At the same time, the transfer of Packard assembly to the Conner Avenue plant, which had begun in September, was turning out to be far more expensive and protracted than expected. Production of the 1955 models did not begin until November 17, weeks after the normal start of the model year, and cars did not reach dealers in significant numbers until well into February. Early production quality was appalling: Cars came off the line with doors that wouldn’t open or other serious problems. Some dealers accepted incomplete cars, hoping to finish assembly themselves, but that led to severe parts shortages. The quality problems weren’t addressed to anyone’s satisfaction until June 1955 and it cost the company more than $80 per car just to get the early cars into salable condition. Packard’s 1955 warranty costs were more than double those of 1954.
Those delays were particularly unfortunate because Packard’s hard-pressed dealers finally had a really competitive product with a new engine, a new transmission, and a remarkable new suspension.
TORSION-LEVEL RIDE AND THE 1955 PACKARDS
Packard’s new suspension was the work of Hudson engineer William D. Allison, who had begun work on an interconnected suspension — with the springs of the front wheels connected to those of the rear — back in 1941. He continued working on it after the war, believing that it would provide an unusually good combination of ride and handling. Ordinarily, Allison’s invention would have belonged to Hudson, but while his employers thought the design promising, they decided that developing it would cost more than Hudson could afford. Rather than shelve the design, Hudson took the unusual step of releasing the rights to Allison and allowing him to shop his design elsewhere.
Allison pitched his concept to various automakers, including Studebaker, but found no takers until he presented it to Jim Graves and Forest McFarland at Packard in 1951. They were intrigued and signed a preliminary deal for Allison to develop his concept for production, giving him a Packard sedan to use as a test mule. Hudson magnanimously granted Allison a leave of absence to pursue the project, which had very promising results. A series of pre-production test cars followed and in early 1954, Jim Nance approved the design for the 1955 model year. The marketing department dubbed the suspension “Torsion-Level.”
Torsion-Level used a more or less conventional double wishbone independent front suspension with a front anti-roll bar and a live rear axle that transmitted acceleration and braking forces via trailing arms; a pair of short lateral stabilizing links provided lateral axle location. Where the suspension departed from convention was in its use of interconnected torsion bar springs. Unlike Chrysler’s later “Torsionaire” suspension, Packard’s torsion bars did not act against the body or the frame. Instead, the main springs were connected at one end to the lower front wishbones and at the other to the rear trailing arms. A second, shorter set of torsion bars ran parallel to the main springs, connected at one end to the rear trailing arms (and sharing the same pivot axis as the main springs) and at the other to a frame-mounted electric compensator motor.
Interconnecting the front and rear suspension in this way meant that a bump affecting the front wheels was transmitted to the rear axle and vice versa. This provided the sort of wafty ride quality normally associated with very softly sprung conventional suspensions without the accompanying sacrifice of body control. Even by the standards of the mid-fifties, no Packard could really be called nimble, but Torsion-Level cars handled with surprising composure that belied their curiously disconnected ride motions.
Torsion-Level’s other signature feature was automatic level control, the “Load Levelizer.” If you loaded an anvil into the trunk, for example, the electric motor would kick in and crank the compensator springs to bring the car’s tail back up to normal ride height. This was not simply a convenience feature; the level control system was the only thing that gave Torsion-Level a consistent equilibrium. (Like any conventional suspension, the torsion bars were preloaded to provide a preset static ride height, but unlike conventional springs, that spring loading could be balanced at a variety of peculiar angles or attitudes, not just straight and level.) The motor cut out automatically if the brakes were engaged and incorporated a 7-second delay to keep the system from overreacting to bumpy pavement and a cut-off switch was provided under the dash so that the compensator would not drain the battery with the engine off.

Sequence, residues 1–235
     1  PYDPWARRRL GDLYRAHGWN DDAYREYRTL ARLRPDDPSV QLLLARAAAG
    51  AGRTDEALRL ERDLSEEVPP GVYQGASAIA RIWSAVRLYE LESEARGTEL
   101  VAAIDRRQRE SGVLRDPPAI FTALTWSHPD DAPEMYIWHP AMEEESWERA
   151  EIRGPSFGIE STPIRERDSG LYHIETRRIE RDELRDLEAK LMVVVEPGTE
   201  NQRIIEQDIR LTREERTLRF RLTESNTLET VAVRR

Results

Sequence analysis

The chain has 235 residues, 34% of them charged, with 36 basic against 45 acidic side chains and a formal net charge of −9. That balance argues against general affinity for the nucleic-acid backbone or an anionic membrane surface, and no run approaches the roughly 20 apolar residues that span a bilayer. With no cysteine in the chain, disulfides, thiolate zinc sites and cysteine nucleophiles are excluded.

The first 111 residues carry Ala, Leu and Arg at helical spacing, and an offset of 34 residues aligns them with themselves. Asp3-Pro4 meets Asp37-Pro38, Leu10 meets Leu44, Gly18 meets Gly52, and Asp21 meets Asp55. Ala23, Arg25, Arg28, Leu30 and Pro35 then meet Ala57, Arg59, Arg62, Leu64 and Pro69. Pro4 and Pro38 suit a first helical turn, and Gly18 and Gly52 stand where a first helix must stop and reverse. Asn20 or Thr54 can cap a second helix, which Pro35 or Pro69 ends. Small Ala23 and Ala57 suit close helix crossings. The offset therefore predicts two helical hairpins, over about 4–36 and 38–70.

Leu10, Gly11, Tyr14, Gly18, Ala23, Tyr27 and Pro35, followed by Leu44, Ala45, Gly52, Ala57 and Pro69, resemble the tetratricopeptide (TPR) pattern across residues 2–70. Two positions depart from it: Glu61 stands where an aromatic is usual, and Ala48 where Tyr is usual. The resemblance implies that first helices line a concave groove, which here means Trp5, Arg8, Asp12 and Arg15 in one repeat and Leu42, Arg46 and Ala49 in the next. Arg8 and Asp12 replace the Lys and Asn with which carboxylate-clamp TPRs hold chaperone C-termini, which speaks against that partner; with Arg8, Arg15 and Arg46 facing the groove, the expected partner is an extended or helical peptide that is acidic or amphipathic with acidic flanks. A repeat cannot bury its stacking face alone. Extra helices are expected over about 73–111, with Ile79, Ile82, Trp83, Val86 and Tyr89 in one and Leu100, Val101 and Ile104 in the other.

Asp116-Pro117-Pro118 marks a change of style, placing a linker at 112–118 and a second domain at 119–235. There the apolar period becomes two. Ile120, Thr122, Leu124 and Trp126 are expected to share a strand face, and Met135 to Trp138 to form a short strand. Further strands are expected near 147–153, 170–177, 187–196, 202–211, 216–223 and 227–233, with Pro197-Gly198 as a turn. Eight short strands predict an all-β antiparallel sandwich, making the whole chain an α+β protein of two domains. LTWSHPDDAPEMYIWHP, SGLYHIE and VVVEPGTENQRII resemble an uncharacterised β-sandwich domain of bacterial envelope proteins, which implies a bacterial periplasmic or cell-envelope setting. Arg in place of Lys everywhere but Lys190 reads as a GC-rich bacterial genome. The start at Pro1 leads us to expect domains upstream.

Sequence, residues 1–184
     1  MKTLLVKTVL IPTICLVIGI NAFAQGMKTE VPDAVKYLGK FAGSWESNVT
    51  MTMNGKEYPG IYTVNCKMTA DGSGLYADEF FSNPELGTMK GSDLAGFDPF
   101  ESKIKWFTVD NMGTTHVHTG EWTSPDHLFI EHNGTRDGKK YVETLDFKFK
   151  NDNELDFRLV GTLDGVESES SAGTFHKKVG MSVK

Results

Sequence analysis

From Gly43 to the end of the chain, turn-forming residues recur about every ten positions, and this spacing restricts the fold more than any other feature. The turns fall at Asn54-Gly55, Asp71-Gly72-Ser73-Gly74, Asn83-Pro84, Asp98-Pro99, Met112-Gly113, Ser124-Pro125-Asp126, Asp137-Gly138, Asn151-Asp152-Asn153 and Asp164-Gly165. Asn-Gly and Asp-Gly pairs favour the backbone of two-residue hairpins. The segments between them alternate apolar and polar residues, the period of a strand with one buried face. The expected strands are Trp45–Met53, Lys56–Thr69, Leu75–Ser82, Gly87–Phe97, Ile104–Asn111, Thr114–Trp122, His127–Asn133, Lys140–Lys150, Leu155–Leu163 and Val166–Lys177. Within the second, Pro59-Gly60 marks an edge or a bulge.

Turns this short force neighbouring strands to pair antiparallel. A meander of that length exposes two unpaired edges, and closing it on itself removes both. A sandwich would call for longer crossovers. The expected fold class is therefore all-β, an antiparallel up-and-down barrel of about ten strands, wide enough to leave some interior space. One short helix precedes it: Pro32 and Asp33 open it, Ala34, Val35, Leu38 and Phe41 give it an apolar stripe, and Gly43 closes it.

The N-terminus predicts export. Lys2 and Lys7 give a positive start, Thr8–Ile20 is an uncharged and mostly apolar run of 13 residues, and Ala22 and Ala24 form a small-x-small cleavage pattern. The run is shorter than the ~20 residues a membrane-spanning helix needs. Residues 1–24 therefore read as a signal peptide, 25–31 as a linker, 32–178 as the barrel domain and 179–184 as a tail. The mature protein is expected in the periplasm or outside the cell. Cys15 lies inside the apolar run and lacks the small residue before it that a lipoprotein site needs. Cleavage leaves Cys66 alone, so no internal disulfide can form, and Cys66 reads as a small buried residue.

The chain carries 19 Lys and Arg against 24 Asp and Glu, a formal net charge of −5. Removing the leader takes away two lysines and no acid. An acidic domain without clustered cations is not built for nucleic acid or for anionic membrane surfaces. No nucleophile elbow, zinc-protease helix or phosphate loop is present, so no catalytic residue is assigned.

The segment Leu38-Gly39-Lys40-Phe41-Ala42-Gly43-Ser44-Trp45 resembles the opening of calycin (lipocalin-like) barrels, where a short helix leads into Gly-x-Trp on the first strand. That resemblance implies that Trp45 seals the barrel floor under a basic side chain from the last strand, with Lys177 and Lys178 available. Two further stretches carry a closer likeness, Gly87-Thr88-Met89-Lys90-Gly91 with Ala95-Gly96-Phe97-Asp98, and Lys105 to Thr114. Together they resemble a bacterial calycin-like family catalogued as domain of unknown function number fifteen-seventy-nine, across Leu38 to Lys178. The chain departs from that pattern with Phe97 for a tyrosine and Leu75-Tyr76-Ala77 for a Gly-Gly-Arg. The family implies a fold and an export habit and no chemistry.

Torsion-Level was initially offered only on senior models and Clipper Supers, but public enthusiasm eventually led Packard to offer it across the line. It was fairly expensive, at $150, but it had definite showroom appeal. The automotive press loved it, too, with some critics declaring the Torsion-Level Packards the best-handling domestic cars of the year. That was an exaggeration, but Torsion-Level gave Packard much better handling than Buick or Cadillac without the ride harshness of the Chrysler 300.
Torsion-Level was reasonably reliable for a complex new product, although the electric motor and its network of switches could act up and the control box could be damaged by road debris or corroded by salt. Nevertheless, Torsion-Level was less troublesome than Citroën’s early hydropneumatic system or GM’s late-fifties air suspensions.
The same could not be said for the new Twin Ultramatic transmission, which quickly developed an unfortunate reputation. A complete revamp of the 1949-vintage Ultramatic, the new transmission now provided dual drive ranges, one of which started in low and shifted automatically to high rather than depending solely on torque converter multiplication. (The first-generation unit’s novel lockup torque converter was retained.) Unfortunately, the Twin Ultramatic’s torque capacity was sorely tested by the new V8, so aggressive driving was a prescription for trouble. Technicians’ unfamiliarity with the redesigned transmission didn’t help.
The new V8 was not nearly as groundbreaking as Torsion-Level, but it finally gave Packard parity with its rivals, welcome news for beleaguered dealers. Packard also sold some of the new engines to AMC, which agreed to underwrite part of the development costs.
Topping off these technical innovations was a new look, courtesy of the ever-inventive Dick Teague, who was now director of styling. The revised styling looked different enough from the ’54s to at least partly disguise the carryover body shell. If the 1955 Packards were not a timeless design, they at least looked and felt relatively fresh.
We use the plural advisedly because Nance was still trying desperately to establish the Clipper as a separate entity despite the fact that Packard still lacked the money to really differentiate it from the senior cars. The main distinction was that the senior Packards had a 5-inch (127 mm) longer wheelbase and bigger engines than the junior models. Seriously challenging Cadillac would have to wait.
The 1955 line was Packard’s best (and possibly last) hope of reasserting itself in the marketplace. Unfortunately, it would not be enough.